New Avenues for Agents is a preview of the Top Secret Companion. I never was really into spy games. Again, I'll admit a certain curiosity to play the James Bond game and I tried the Spycraft d20 game back when it was new.  But overall they never really grabbed me like fantasy or horror games do.

Our centerfold is a full game, The Baton Races of Yaz.   It looks like a kid's game.  Certainly that is true, but I have watched people bid on that old boxed set of the "Dragon Magazine Games" and people really seem to love it. I should point out that my copy does not have this. I only know about it because of my Dragon CD-ROM.

Curing the Monty Haul Malady by Roger E. Moore deals with a common problem of most D&D games. The article is an edited version of some letters that have come in.  Some of the examples given I just can't really take seriously;  "He decided his character would kill Orcus, and after that his character became the new prince of the undead, with an unlimited amount of any undead to control, even an unlimited number of liches. The character also has some star destroyers he uses to fly around in space or to destroy planets."  Yeah.  This was the 80s. Sad to say...but yes I knew a guy that claimed his character had a Star Destroyer.  Not a Star Wars character, a D&D character.
This though has been an issue in some games since the very beginning.  Star Destroyers? No, the Monty Haul problems and the ridiculously over-powered game (not the same thing mind you, but they usually go hand in hand.)
While we were encouraged to not go to crazy high levels, there was nothing in the rules to stop you.  Tim Kask's warnings in "Gods, Demi-gods and Heroes" read more like a challenge I think to many.  future editions of *D&D tried to make these limits more ingrained in the rules; usually stopping at 20th level (or ~30th for BECMI and D&D4).  But gamers will be gamers I guess.

A review of battle mats, dice towers and the "Dragonbone" computerized dice roller.  I always kinda wanted one of those, but every DM I ever had said they would not allow it.  Also rolling dice is still the best.   I still have and use a battle mat though.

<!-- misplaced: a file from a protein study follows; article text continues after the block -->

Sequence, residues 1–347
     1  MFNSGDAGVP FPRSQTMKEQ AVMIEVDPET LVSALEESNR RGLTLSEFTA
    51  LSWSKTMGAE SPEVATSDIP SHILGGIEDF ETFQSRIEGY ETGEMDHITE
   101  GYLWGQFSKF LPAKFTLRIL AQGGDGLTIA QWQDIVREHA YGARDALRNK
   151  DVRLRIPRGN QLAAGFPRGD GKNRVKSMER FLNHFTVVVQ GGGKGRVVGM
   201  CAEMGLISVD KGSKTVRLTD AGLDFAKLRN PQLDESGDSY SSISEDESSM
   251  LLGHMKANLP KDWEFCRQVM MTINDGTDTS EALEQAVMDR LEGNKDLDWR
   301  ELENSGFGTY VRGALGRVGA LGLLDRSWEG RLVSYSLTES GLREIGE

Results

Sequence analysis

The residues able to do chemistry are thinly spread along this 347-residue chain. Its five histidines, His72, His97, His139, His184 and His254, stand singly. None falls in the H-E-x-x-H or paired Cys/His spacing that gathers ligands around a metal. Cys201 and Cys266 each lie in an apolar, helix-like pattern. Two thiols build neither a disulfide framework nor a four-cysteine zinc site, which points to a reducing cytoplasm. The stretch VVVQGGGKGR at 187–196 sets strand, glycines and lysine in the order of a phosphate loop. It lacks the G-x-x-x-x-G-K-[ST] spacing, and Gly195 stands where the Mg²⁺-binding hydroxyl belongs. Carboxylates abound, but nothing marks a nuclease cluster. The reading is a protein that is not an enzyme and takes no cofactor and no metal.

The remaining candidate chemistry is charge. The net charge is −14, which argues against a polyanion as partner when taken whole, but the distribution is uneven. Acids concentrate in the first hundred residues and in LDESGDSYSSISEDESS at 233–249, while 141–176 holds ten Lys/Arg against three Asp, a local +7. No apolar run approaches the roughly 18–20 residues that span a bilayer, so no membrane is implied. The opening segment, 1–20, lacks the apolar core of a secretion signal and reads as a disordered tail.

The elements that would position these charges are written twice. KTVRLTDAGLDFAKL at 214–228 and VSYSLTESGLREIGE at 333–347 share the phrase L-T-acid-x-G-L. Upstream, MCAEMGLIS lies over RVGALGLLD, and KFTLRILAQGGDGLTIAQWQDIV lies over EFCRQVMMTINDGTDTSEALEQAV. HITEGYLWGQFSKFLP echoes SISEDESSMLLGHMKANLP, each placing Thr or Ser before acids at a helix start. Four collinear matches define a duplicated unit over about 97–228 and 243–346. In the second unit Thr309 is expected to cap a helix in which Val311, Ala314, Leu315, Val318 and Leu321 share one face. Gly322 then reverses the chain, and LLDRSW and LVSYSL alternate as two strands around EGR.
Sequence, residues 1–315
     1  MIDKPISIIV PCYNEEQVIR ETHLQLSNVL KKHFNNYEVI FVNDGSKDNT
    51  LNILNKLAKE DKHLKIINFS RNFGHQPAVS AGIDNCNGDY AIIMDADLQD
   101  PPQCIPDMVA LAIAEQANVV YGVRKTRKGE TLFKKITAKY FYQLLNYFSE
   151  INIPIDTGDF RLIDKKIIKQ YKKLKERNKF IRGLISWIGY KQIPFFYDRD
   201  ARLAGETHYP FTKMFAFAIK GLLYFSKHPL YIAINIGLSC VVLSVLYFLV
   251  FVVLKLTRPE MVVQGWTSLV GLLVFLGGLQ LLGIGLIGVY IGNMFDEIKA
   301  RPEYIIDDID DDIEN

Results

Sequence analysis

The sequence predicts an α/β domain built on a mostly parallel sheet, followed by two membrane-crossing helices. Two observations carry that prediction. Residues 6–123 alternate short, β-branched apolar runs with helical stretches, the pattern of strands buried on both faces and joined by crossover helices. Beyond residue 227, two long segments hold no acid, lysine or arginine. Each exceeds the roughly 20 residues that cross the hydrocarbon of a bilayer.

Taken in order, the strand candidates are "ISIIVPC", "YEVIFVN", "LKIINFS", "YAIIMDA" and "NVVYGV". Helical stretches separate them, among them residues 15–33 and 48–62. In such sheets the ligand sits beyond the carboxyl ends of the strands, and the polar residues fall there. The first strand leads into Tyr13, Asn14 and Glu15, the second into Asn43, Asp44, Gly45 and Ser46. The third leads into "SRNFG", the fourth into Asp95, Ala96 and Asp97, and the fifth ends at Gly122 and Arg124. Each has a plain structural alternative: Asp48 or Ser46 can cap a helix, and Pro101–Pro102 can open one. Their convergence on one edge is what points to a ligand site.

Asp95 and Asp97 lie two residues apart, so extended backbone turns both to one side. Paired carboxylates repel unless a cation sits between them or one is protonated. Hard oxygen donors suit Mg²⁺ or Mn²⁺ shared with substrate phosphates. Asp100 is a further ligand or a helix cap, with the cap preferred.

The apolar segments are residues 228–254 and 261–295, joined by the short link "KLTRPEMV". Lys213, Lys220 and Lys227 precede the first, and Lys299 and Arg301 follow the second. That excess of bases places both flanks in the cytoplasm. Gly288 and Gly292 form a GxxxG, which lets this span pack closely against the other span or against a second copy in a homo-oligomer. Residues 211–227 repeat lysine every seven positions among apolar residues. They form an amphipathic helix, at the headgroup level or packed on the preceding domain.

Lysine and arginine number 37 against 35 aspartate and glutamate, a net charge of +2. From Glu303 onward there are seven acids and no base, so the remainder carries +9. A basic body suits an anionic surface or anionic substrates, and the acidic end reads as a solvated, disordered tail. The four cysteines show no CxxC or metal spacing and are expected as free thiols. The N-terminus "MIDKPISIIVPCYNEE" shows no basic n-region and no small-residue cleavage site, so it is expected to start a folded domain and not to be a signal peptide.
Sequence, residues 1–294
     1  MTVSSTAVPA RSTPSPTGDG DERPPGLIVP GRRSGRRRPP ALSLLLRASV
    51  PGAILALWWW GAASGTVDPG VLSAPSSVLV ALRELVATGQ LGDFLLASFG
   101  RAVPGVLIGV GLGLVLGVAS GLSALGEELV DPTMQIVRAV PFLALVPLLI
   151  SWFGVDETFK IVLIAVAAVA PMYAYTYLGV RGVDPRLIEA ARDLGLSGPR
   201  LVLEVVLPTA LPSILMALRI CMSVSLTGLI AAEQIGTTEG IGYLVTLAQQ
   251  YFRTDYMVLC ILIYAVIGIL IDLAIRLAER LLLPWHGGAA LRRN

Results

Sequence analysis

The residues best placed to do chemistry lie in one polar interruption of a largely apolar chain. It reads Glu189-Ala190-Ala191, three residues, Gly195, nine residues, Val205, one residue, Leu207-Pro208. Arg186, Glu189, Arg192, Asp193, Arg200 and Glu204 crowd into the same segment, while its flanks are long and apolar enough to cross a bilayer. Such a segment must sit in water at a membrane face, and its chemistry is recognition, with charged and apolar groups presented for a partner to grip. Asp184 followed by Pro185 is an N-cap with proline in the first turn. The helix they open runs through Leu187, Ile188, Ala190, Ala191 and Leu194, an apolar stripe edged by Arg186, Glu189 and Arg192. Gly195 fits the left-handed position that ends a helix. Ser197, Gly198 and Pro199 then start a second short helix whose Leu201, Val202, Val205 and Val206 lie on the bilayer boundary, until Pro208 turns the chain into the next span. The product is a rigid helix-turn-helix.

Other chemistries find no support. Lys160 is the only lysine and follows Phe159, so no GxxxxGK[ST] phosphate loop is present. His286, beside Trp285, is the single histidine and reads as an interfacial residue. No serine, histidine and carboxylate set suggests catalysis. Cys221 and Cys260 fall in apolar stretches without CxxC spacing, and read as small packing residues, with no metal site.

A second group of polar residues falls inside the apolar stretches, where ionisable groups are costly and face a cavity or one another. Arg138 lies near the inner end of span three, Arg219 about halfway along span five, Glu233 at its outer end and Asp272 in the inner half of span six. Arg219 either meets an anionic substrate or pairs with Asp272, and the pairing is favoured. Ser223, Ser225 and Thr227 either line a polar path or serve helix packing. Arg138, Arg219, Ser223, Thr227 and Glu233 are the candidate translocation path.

Spells between the Covers is the big reason I grabbed this issue. +Bruce Heard does a great job of filling some of the gaps in our knowledge on how to do spell research.  While I think many players know now many of the points made here, this article did not have the benefit of years of the community playing Call of Cthulhu.  In that game a good occult library is worth more than gold and more dangerous than plutonium.

Speaking of dangerous.  This magazine's mildew is getting so bad I am switching over to a print out from my CD-ROM.


The costs associated with building a library really should hold up edition to edition.  There is a lot of great stuff here about purchasing books.  BUT the REAL treasure is the list of books and the sages that wrote them.  Here is a brief sampling that NO real wizard, mage, sage or occult scholar should be without.

  • Idioms & Rare Cryptographs by Elminster 
  • Legendry of Phantoms and Ghosts by Evard
  • Lore of Subtle Communication by Tasha
  • The Forgotten Arts of Oratory Magnetism by Leomund
  • Theory of the Invisible Forces by Tenser
  • Gazette of the Norse Climates by Otiluke
  • Epic Saga of the Great Conjurers by Mordenkainen
  • Repertoire of Illustrious Conjurations by Drawmij